I found out last night that I have the privilege of returning to my alma mater, Mount Vernon Nazarene University, to speak at the annual Alumni Chapel. It's strange because I always had this picture in my mind of being there again, on that red-carpeted platform, in the place where I was trained (by education and experience) and readied for the journey that came next and continues to come each day. One of the truly deep impressions that was made on me during my time at MVNU was through being exposed to Henri J.M. Nouwen. The work and writing of Nouwen became a touchstone for me, basically saving me from the sick cycle of religious behavior that I found myself caught in during my early 20's. His book The Life of the Beloved continues to haunt and inform the way I live and the clinging of my soul (Ps. 63) to God. I understand that he had failings, as we all do, and plenty of people want to debate whether or not the whole "spiritual formation movement" is valid. I'm writing a post on that soon, so I'll keep my words on it brief here. However, I can't deny what happened to me when I engaged that small book and looked at myself as one taken, broken, blessed, and given. I would challenge you to do the same.
For today, I wanted to share an insight from Nouwen that I believe is so important for those of us engaged in the "conversation for transformation" (see, it's not just a clever subtitle for a blog). Discipline, under grace, can bring us into a life that we couldn't imagine.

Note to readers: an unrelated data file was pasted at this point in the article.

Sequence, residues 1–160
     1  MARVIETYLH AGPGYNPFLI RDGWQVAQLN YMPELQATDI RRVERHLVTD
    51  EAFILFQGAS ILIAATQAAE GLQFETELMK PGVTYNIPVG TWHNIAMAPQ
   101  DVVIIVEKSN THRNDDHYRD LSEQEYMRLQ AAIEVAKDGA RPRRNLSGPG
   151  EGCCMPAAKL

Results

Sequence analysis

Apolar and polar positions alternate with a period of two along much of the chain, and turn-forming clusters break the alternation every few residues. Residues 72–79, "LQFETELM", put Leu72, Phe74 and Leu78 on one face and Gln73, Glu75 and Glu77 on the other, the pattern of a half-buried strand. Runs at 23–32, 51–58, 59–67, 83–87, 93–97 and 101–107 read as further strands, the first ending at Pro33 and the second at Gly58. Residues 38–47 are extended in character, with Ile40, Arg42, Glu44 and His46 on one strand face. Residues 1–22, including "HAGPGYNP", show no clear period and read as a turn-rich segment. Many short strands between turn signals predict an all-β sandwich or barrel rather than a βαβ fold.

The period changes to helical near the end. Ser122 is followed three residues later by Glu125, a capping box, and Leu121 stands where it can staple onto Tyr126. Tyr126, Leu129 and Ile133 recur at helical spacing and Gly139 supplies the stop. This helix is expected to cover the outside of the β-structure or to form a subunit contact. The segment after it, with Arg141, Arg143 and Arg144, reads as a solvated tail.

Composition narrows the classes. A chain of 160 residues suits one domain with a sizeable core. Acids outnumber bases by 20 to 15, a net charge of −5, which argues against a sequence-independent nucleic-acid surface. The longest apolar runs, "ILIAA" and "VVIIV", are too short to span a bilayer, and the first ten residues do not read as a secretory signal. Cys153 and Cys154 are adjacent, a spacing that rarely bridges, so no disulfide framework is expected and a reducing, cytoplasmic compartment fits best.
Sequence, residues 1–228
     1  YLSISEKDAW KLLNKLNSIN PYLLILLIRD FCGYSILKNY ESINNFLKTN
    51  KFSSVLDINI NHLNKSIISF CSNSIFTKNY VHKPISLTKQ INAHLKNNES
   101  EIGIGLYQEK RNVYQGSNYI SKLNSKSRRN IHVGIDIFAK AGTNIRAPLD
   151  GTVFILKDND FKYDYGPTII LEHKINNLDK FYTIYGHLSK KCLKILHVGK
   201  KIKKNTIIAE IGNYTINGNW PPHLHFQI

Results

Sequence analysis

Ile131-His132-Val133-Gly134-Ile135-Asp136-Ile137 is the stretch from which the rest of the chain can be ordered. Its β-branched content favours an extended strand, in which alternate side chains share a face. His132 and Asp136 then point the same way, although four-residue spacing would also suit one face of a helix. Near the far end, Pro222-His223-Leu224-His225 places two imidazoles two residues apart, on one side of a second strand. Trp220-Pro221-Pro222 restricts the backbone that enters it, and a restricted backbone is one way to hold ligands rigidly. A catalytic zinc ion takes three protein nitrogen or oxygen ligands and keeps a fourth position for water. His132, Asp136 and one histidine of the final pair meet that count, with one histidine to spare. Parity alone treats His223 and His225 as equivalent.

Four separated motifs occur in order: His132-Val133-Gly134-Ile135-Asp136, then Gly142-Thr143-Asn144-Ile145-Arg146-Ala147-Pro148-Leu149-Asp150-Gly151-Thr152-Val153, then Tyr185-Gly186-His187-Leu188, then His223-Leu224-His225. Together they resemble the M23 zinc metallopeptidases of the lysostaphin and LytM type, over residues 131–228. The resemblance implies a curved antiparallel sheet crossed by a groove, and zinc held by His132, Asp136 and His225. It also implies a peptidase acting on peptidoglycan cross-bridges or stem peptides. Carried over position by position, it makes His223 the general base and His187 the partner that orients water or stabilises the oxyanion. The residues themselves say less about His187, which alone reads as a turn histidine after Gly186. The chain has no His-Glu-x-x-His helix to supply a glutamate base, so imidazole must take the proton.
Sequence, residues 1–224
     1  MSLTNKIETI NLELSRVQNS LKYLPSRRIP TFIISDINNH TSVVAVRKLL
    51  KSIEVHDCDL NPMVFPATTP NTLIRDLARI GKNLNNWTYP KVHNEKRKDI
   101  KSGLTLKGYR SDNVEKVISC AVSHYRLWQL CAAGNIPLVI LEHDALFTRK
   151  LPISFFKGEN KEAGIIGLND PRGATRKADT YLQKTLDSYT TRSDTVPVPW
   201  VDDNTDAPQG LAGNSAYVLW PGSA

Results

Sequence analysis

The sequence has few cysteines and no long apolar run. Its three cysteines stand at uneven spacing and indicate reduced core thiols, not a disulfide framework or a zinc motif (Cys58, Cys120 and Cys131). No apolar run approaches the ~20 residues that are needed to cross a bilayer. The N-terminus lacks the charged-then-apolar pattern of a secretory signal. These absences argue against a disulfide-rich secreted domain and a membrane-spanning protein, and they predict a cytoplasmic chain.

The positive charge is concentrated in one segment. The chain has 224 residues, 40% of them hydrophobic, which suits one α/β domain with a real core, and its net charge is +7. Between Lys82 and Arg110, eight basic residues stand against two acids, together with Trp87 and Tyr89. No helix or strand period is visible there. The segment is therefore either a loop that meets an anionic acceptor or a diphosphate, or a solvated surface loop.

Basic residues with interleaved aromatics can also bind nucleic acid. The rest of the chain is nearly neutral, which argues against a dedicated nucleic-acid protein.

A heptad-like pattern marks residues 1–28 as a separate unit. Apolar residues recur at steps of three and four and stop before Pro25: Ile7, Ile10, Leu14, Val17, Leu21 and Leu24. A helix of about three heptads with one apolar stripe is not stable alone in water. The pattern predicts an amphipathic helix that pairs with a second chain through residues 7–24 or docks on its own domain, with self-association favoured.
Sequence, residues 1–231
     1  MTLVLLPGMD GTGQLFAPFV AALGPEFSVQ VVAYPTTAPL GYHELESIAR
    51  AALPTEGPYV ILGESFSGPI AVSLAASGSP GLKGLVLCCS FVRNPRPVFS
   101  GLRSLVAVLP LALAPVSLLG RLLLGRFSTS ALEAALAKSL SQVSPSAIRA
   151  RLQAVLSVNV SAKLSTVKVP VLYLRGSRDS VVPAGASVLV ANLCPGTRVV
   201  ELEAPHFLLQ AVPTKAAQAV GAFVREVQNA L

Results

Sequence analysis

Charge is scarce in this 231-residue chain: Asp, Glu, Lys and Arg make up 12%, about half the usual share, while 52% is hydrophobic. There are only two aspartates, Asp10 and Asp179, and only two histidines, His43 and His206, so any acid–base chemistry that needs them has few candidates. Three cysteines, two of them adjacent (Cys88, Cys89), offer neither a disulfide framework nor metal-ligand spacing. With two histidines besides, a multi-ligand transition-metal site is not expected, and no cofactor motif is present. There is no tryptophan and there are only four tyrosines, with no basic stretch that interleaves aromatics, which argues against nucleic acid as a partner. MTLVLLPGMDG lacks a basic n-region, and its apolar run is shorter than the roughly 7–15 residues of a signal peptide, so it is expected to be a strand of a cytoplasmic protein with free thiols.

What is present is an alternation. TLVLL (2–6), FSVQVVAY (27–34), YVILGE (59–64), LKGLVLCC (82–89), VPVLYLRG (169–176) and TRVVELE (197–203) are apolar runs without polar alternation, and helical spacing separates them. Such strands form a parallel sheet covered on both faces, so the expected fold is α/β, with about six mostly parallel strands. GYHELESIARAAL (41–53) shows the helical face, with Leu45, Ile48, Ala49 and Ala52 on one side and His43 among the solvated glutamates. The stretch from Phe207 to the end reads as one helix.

Discipline is the other side of discipleship. Discipleship without discipline is like waiting to run in the marathon without ever practicing. Discipline without discipleship is like always practicing for the marathon but never participating. It is important, however, to realize that discipline in the spiritual life is not the same as discipline in sports. Discipline in sports is the concentrated effort to master the body so that it can obey the mind better. Discipline in the spiritual life is the concentrated effort to create the space and time where God can become our master and where we can respond freely to God's guidance.
Thus, discipline is the creation of boundaries that keep time and space open for God. Solitude requires discipline, worship requires discipline, caring for others requires discipline. They all ask us to set apart a time and a place where God's gracious presence can be acknowledged and responded to.
Father, let us train ourselves to be what we cannot be by effort alone. Let our training make room for your grace, and let your grace do the work of transformation, with your Spirit acting as midwife to the new birth you are bringing about in us and in our world. Peace.